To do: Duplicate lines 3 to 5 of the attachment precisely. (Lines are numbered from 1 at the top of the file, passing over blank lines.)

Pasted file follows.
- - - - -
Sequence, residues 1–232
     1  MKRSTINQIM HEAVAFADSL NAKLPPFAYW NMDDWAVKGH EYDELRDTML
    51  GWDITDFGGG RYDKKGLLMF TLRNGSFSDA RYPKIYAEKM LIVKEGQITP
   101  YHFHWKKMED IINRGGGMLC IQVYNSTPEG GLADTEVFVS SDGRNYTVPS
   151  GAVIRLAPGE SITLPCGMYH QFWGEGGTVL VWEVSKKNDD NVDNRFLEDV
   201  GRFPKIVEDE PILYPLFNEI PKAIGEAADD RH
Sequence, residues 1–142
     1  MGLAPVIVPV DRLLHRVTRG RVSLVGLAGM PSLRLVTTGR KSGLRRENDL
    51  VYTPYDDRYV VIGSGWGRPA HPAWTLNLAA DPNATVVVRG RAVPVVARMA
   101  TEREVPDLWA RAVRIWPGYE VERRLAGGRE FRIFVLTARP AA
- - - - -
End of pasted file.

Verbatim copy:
    51  GWDITDFGGG RYDKKGLLMF TLRNGSFSDA RYPKIYAEKM LIVKEGQITP
   101  YHFHWKKMED IINRGGGMLC IQVYNSTPEG GLADTEVFVS SDGRNYTVPS
   151  GAVIRLAPGE SITLPCGMYH QFWGEGGTVL VWEVSKKNDD NVDNRFLEDV